5:17 Behold, happy is the man whom God correcteth: therefore despise not thou the chastening of the Almighty: 5:18 For he maketh sore, and bindeth up: he woundeth, and his hands make whole.

5:19 He shall deliver thee in six troubles: yea, in seven there shall no evil touch thee. 5:20 In famine he shall redeem thee from death: and in war from the power of the sword. 5:21 Thou shalt be hid from the scourge of the tongue: neither shalt thou be afraid of destruction when it cometh.

5:22 At destruction and famine thou shalt laugh: neither shalt thou be afraid of the beasts of the earth. 5:23 For thou shalt be in league with the stones of the field: and the beasts of the field shall be at peace with thee.

5:24 And thou shalt know that thy tabernacle [life] shall be in peace; and thou shalt visit thy habitation, and shalt not sin.  5:25 Thou shalt know also that thy seed shall be great, and thine offspring as the grass of the earth.  5:26 Thou shalt come to thy grave in a full age, like as a shock of corn cometh in in his season.

5:27 Lo this, we have searched it, so it is; hear it, and know thou it for thy good.

Job 6

Job Answers Eliphaz

Job speaks of his grief and complains that his friend adds to his sorrows instead of consoling him

Job 6:1 But Job answered and said, 6:2 Oh that my grief were throughly weighed, and my calamity laid in the balances together! 6:3 For now it would be heavier than the sand of the sea: therefore my words are swallowed up. 6:4 For the arrows of the Almighty are within me, the poison whereof drinketh up my spirit: the terrors of God do set themselves in array against me.

Would I complain without reason? Asks Job.

6:5 Doth the wild ass bray when he hath grass? or loweth the ox over his fodder? 6:6 Can that which is unsavoury be eaten without salt? or is there any taste in the white of an egg?

I cannot eat for my sorrows, and must fast.

6:7 The things that my soul refused to touch are as my sorrowful meat.

Here Job makes a mistake common even today!  Many people when very ill, have said “let me die”. That is a misguided statement, since we really do NOT want to die.  What we really want is relief from our trials and suffering! We say that life in such suffering is not worth living, but what we really want is healing! We want deliverance from sorrows into a good life well worth living!

6:8 Oh that I might have my request; and that God would grant me the thing that I long for! 6:9 Even that it would please God to destroy me; that he would let loose his hand, and cut me off! 6:10 Then should I yet have comfort; yea, I would harden myself in sorrow: let him not spare; for I have not concealed the words of the Holy One.

Christ had not yet come the first time in the flesh to reveal a good understanding of human salvation and Christ’s sacrifice for the sins of men. Therefore Job argues from the disadvantage of not knowing these spiritual things which were hidden by God until Christ came in the flesh.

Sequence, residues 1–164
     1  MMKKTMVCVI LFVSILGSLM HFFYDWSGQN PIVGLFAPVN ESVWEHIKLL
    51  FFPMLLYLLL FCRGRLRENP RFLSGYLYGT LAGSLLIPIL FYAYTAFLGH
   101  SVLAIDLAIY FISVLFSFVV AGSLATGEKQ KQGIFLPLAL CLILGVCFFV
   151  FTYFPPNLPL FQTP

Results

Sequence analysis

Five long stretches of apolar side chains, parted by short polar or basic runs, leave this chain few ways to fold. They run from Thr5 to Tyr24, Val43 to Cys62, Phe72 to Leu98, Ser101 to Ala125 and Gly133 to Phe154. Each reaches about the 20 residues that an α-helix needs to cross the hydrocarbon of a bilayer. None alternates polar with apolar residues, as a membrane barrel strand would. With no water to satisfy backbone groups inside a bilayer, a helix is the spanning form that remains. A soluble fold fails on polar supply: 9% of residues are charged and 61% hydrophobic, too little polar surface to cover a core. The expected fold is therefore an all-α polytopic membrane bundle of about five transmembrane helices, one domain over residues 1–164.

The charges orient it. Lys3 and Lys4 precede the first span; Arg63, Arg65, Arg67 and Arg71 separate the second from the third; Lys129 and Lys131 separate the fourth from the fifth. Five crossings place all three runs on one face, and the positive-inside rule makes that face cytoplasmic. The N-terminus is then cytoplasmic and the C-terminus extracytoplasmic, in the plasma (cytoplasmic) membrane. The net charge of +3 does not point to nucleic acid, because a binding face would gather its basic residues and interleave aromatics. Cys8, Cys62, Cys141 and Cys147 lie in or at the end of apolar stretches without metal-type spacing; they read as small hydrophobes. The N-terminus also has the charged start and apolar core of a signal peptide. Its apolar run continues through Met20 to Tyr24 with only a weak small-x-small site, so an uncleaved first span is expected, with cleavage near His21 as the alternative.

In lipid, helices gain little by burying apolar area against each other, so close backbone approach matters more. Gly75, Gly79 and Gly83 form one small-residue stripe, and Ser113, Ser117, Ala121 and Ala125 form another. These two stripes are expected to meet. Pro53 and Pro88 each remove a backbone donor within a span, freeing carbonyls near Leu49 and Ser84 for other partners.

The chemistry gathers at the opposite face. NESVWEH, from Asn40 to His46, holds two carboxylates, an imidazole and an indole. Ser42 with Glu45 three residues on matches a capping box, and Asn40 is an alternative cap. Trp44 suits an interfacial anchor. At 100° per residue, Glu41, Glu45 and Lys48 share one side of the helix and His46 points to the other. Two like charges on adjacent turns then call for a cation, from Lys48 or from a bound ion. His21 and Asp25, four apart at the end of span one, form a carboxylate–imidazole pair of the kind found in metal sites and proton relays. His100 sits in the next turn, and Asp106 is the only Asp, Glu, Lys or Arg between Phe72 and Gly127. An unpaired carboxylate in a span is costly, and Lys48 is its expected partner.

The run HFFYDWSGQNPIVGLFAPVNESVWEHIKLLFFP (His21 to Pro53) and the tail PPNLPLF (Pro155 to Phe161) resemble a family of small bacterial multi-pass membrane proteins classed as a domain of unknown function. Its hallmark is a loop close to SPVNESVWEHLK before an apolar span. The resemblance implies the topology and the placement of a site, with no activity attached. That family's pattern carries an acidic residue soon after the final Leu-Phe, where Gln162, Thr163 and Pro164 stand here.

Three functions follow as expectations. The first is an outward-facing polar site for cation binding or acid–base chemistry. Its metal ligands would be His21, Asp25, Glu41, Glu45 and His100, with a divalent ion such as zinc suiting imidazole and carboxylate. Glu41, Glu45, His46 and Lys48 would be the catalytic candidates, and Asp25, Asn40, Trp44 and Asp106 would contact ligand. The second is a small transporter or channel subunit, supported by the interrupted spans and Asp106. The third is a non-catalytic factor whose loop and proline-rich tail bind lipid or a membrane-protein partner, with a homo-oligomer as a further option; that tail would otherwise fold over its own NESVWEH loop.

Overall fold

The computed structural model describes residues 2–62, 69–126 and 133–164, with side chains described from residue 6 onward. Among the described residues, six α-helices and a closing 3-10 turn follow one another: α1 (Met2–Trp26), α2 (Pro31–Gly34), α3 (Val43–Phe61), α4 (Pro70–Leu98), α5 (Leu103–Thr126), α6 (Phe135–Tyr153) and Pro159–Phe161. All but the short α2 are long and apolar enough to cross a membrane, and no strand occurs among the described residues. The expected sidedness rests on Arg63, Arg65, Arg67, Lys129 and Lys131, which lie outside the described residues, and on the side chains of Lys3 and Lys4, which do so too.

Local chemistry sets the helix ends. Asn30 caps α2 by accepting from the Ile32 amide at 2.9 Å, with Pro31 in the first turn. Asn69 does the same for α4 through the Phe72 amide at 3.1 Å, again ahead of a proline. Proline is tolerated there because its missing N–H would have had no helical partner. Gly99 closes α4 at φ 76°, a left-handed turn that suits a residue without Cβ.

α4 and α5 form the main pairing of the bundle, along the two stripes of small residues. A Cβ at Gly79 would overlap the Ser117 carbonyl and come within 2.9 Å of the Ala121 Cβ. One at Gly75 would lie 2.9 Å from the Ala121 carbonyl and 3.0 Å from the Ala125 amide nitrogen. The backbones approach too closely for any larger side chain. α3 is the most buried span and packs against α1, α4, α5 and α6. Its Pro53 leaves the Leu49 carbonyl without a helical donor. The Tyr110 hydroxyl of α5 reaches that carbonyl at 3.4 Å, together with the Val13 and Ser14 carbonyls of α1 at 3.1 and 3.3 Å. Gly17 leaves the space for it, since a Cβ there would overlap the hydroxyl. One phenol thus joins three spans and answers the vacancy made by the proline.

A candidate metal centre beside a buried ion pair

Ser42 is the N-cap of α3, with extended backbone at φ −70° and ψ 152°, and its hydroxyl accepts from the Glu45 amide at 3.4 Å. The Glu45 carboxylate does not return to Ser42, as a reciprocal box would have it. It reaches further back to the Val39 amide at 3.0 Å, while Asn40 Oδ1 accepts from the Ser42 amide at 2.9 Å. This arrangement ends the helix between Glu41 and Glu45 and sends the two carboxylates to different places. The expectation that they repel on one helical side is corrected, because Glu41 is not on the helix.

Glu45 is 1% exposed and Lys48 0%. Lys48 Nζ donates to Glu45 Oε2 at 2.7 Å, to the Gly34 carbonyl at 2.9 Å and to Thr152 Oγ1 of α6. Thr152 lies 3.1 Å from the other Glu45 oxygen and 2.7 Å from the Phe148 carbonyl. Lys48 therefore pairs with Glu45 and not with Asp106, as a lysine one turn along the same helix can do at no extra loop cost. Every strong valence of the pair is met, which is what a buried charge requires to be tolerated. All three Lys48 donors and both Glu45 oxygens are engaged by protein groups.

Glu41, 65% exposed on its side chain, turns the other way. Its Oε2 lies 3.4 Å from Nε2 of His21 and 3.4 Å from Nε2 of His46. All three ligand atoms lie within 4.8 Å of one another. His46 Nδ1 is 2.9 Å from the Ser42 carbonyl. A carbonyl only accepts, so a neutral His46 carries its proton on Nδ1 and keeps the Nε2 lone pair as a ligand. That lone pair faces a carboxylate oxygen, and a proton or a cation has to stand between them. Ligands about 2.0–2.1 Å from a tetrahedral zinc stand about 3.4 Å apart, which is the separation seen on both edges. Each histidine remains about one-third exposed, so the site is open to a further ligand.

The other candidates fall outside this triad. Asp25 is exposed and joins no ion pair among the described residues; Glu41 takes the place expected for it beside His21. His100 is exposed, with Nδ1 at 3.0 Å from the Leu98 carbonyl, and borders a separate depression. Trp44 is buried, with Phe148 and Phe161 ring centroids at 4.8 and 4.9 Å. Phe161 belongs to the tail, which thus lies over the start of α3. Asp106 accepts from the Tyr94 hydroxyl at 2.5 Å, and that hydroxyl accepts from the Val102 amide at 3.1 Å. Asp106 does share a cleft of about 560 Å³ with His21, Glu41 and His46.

Job asks “What is the hope of man except to die and end his sufferings.”

6:11 What is my strength, that I should hope? and what is mine end, that I should prolong my life? 6:12 Is my strength the strength of stones? or is my flesh of brass? 6:13 Is not my help in me? and is wisdom driven quite from me?

Job seeks pity from his friends.

6:14 To him that is afflicted pity should be shewed from his friend; but he forsaketh the fear of the Almighty.

Job claims his friends are deceitful in challenging his righteousness and that their accusations will melt away like the snow.

6:15 My brethren have dealt deceitfully as a brook, and as the stream of brooks they pass away; 6:16 Which are blackish by reason of the ice, and wherein the snow is hid: 6:17 What time they wax warm, they vanish: when it is hot, they are consumed out of their place. 6:18 The paths of their way are turned aside; they go to nothing, and perish.

Job claims that his friends are like armies who came to take the spoil and were disappointed that nothing was there.

6:19 The troops of Tema looked, the companies of Sheba waited for them. 6:20 They were confounded because they had hoped; they came thither, and were ashamed.

Job says that in his plenty his friends took advantage of his generosity; and now that he is afflicted they are upset over the loss of the gifts that Job had given them in the past and are afraid that they will be asked to support Job.

6:21 For now ye are nothing [no help]; ye see my casting down, and are afraid [that Job will ask gifts and alms from them].

Job declares that he wants nothing from them except the truth, so that he may repent of any error.

6:22 Did I say, Bring unto me? or, Give a reward for me of your substance? 6:23 Or, Deliver me from the enemy’s hand? or, Redeem me from the hand of the mighty? 6:24 Teach me, and I will hold my tongue: and cause me to understand wherein I have erred.

Yet, Job declares that the words of his friend are not true and are adding to his affliction by making false accusations.

6:25 How forcible [powerful] are right words! but what doth your [false] arguing reprove? 6:26 Do ye imagine to reprove [my] words, and the [with the] speeches of one that is desperate, which are as wind?

Job says: yes, you destroy with false words and dig a grave for me.

6:27 Yea, ye overwhelm the fatherless, and ye dig a pit for your friend.

Job said, look at me and tell me if I lie.